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New mayor known for strong stands

Matthew Harper has been vocal opponent of plastic bag ban. Going forward, he says senior center is the top priority.

December 11, 2013|By Anthony Clark Carpio
  • Matthew Harper is sworn in as the new mayor of Huntington Beach.
Matthew Harper is sworn in as the new mayor of Huntington… (HB Independent )

In Matthew Harper's nearly three years on the Huntington Beach City Council, he has built a reputation as conservative, pro-business and unfraid to put in his 2 cents.

He always comes to the meetings prepared, whether he intends to speak for or against an item. On occasion, he'll get into a little back-and-fourth with colleagues.

"He'll irritate a lot of people, and being truthful isn't something that is easy to swallow," said his father, William Harper. "He tries to be tactful, but he's got his priorities set pretty firmly."

The new mayor has strong views on a number of issues. He has spoken quite vehemently against the plastic bag ban, which the city imposed this year, and the proposed ban on polystyrene. He's advocated for construction of a new senior center as well as the legalization of fireworks in the city. He's also been vocal about keeping at bay what he often refers to as "the heavy hand of government."

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On Dec. 2, dozens of people filed into Huntington Beach council chambers to celebrate Harper being named the city's 59th mayor.

"He was interested in politics in high school, his degree was in public administration, and he always knew he was going to serve," said William Harper, who attended the special occasion with his wife, Karen, and his son's soon to be wife, Elizabeth Byrne.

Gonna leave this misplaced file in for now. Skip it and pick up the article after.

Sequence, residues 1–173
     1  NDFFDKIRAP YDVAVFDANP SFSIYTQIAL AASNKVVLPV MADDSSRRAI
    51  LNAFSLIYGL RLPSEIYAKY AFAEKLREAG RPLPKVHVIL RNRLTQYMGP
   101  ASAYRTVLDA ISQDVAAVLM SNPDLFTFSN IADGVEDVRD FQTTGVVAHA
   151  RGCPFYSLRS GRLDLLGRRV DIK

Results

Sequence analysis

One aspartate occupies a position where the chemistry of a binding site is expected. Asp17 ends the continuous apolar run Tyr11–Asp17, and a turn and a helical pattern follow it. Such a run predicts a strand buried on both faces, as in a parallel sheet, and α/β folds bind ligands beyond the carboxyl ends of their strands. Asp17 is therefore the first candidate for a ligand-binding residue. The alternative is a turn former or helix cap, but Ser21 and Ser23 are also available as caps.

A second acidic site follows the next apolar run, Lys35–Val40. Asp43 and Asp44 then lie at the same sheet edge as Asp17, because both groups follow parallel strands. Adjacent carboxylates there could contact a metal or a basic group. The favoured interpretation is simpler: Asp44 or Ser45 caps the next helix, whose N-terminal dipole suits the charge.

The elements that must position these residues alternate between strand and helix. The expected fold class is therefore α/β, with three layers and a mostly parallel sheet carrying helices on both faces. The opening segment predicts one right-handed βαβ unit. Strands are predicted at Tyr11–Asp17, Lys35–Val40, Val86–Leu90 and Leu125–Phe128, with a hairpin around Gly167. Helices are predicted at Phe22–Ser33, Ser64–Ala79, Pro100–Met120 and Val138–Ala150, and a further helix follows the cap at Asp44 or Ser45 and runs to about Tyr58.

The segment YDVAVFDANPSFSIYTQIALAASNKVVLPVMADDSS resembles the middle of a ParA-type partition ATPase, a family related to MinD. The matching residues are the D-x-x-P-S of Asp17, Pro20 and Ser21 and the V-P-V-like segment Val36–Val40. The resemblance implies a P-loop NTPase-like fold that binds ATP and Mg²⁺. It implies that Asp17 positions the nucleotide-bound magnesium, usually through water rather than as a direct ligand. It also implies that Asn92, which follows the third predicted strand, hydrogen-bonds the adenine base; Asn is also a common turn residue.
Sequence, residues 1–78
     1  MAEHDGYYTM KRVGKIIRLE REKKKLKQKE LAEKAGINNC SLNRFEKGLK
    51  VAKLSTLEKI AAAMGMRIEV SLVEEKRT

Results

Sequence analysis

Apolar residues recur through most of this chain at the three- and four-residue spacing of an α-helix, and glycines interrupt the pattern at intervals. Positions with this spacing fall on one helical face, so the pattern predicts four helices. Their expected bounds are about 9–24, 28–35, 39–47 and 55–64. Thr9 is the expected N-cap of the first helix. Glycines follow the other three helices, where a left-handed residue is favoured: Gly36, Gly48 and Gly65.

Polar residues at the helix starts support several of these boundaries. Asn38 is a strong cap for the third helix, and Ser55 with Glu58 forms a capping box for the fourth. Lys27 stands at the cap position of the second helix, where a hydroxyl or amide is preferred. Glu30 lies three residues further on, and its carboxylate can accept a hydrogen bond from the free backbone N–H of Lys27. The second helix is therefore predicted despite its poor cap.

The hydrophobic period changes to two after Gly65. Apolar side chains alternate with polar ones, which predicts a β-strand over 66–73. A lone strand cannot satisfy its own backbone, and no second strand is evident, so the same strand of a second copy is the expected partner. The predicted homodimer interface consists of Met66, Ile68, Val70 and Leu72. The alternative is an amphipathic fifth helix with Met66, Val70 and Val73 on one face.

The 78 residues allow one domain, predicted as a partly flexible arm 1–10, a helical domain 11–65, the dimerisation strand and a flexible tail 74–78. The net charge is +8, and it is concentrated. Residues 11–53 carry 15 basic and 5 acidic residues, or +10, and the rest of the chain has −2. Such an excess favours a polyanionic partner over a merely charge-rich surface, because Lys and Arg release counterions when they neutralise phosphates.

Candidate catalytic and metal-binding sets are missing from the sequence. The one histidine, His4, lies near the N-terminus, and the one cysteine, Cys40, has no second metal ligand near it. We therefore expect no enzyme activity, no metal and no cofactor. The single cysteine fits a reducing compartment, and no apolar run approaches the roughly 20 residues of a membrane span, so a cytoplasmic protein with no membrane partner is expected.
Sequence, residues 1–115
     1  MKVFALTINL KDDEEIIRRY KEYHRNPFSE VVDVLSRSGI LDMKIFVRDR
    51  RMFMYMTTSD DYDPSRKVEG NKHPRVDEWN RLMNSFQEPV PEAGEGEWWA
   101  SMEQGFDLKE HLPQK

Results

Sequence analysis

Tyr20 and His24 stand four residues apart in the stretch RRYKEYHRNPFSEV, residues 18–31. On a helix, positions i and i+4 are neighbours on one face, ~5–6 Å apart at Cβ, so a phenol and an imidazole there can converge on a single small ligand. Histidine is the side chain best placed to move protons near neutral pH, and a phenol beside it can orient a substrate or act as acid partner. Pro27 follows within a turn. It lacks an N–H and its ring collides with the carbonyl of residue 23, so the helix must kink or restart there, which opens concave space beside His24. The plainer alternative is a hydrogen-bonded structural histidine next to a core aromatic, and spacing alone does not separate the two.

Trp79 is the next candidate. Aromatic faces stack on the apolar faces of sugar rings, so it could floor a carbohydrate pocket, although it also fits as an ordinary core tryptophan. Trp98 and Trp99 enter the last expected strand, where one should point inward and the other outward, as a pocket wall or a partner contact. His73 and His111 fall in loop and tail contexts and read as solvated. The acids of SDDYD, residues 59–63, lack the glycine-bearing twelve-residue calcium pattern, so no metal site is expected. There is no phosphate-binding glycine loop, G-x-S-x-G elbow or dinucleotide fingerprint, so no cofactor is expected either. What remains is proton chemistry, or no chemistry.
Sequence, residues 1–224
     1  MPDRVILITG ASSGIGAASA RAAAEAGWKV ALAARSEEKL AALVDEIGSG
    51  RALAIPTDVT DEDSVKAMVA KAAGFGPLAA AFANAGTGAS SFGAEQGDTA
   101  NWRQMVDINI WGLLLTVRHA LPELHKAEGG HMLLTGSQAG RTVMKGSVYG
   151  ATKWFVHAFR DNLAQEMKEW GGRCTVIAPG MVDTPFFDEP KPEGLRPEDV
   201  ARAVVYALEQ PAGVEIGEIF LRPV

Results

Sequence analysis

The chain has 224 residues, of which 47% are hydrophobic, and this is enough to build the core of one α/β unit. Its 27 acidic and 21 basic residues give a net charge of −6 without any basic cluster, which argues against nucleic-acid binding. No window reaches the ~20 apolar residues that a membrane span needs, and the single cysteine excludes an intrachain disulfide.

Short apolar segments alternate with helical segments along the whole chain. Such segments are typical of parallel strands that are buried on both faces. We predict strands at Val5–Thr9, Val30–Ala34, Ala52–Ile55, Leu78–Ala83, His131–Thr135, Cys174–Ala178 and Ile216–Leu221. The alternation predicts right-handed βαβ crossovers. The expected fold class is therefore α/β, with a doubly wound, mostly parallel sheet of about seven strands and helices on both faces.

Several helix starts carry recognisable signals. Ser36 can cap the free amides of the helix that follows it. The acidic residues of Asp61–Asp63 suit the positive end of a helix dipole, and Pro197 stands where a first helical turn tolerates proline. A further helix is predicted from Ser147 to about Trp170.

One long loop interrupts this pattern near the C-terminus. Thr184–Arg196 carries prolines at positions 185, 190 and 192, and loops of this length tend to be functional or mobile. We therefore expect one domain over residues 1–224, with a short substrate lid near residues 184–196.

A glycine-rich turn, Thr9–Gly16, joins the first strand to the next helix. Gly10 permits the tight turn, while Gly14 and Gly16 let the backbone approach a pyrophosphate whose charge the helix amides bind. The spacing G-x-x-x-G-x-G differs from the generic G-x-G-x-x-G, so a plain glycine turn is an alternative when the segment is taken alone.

Matthew Harper, 39, was born in Long Beach and lived briefly in Colorado but spent the majority of his life in Westminster and Huntington.

Even at a young age, politics piqued his interest. He recalled, at 8 years old, supporting calls for a bike path on Rancho Road near the Westminster-Huntington Beach city limits — an area deemed unsafe for cyclists.

"My parents and others went to the city of Westminster and they said, 'Oh, no, that's Huntington Beach's responsibility,'" Harper recalled. "Then we, residents of Westminster, went to Huntington Beach, and they told us it's Westminster's responsibility."

During the cities' dispute, Harper paid attention to how his parents handled the situation, getting his first taste of politics.

After starting classes at Huntington Beach High School in 1988, Harper joined the Junior State of America youth organization, the speech and debate team and the student congress.

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